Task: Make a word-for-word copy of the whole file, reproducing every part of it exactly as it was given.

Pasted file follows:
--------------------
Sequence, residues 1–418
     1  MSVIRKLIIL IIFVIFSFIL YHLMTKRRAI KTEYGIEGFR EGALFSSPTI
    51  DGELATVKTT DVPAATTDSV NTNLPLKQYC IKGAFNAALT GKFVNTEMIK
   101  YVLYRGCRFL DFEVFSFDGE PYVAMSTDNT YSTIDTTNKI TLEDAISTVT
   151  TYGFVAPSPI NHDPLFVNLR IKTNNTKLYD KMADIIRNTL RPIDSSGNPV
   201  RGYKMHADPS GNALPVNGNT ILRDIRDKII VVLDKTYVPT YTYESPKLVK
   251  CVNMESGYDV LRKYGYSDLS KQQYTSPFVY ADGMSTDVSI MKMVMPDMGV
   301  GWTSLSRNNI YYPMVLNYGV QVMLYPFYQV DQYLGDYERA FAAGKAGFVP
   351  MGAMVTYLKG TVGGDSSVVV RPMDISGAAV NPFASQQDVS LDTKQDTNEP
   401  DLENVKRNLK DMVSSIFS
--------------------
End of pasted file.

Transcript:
Sequence, residues 1–418
     1  MSVIRKLIIL IIFVIFSFIL YHLMTKRRAI KTEYGIEGFR EGALFSSPTI
    51  DGELATVKTT DVPAATTDSV NTNLPLKQYC IKGAFNAALT GKFVNTEMIK
   101  YVLYRGCRFL DFEVFSFDGE PYVAMSTDNT YSTIDTTNKI TLEDAISTVT
   151  TYGFVAPSPI NHDPLFVNLR IKTNNTKLYD KMADIIRNTL RPIDSSGNPV
   201  RGYKMHADPS GNALPVNGNT ILRDIRDKII VVLDKTYVPT YTYESPKLVK
   251  CVNMESGYDV LRKYGYSDLS KQQYTSPFVY ADGMSTDVSI MKMVMPDMGV
   301  GWTSLSRNNI YYPMVLNYGV QVMLYPFYQV DQYLGDYERA FAAGKAGFVP
   351  MGAMVTYLKG TVGGDSSVVV RPMDISGAAV NPFASQQDVS LDTKQDTNEP
   401  DLENVKRNLK DMVSSIFS